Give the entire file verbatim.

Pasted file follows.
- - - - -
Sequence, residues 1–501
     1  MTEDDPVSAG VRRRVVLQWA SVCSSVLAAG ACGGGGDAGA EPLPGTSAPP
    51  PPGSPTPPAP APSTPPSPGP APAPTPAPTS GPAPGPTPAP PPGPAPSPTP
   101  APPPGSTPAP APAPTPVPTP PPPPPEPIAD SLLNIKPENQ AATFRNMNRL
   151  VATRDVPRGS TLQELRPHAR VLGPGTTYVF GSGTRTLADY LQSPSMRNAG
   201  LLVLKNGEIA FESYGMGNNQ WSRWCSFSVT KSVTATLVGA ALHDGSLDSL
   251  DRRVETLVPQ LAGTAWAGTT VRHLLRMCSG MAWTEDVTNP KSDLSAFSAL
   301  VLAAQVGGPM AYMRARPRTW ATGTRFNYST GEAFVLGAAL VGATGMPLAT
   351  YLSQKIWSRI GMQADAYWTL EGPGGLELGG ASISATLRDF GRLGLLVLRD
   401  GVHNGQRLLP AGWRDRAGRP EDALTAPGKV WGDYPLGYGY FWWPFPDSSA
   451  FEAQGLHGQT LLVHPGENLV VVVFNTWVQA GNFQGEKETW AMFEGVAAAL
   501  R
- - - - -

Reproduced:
Sequence, residues 1–501
     1  MTEDDPVSAG VRRRVVLQWA SVCSSVLAAG ACGGGGDAGA EPLPGTSAPP
    51  PPGSPTPPAP APSTPPSPGP APAPTPAPTS GPAPGPTPAP PPGPAPSPTP
   101  APPPGSTPAP APAPTPVPTP PPPPPEPIAD SLLNIKPENQ AATFRNMNRL
   151  VATRDVPRGS TLQELRPHAR VLGPGTTYVF GSGTRTLADY LQSPSMRNAG
   201  LLVLKNGEIA FESYGMGNNQ WSRWCSFSVT KSVTATLVGA ALHDGSLDSL
   251  DRRVETLVPQ LAGTAWAGTT VRHLLRMCSG MAWTEDVTNP KSDLSAFSAL
   301  VLAAQVGGPM AYMRARPRTW ATGTRFNYST GEAFVLGAAL VGATGMPLAT
   351  YLSQKIWSRI GMQADAYWTL EGPGGLELGG ASISATLRDF GRLGLLVLRD
   401  GVHNGQRLLP AGWRDRAGRP EDALTAPGKV WGDYPLGYGY FWWPFPDSSA
   451  FEAQGLHGQT LLVHPGENLV VVVFNTWVQA GNFQGEKETW AMFEGVAAAL
   501  R